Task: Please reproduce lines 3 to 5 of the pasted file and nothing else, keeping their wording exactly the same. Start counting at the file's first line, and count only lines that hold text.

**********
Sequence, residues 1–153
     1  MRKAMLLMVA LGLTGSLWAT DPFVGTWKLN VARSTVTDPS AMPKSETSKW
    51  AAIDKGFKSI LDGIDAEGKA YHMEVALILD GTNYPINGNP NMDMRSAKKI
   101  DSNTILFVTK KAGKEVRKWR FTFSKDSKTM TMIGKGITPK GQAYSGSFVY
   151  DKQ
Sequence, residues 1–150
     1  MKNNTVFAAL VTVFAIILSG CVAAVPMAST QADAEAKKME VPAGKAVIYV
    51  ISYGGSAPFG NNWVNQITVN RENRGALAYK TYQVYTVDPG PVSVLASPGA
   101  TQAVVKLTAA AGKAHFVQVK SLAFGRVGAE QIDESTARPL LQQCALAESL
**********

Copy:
    51  AAIDKGFKSI LDGIDAEGKA YHMEVALILD GTNYPINGNP NMDMRSAKKI
   101  DSNTILFVTK KAGKEVRKWR FTFSKDSKTM TMIGKGITPK GQAYSGSFVY
   151  DKQ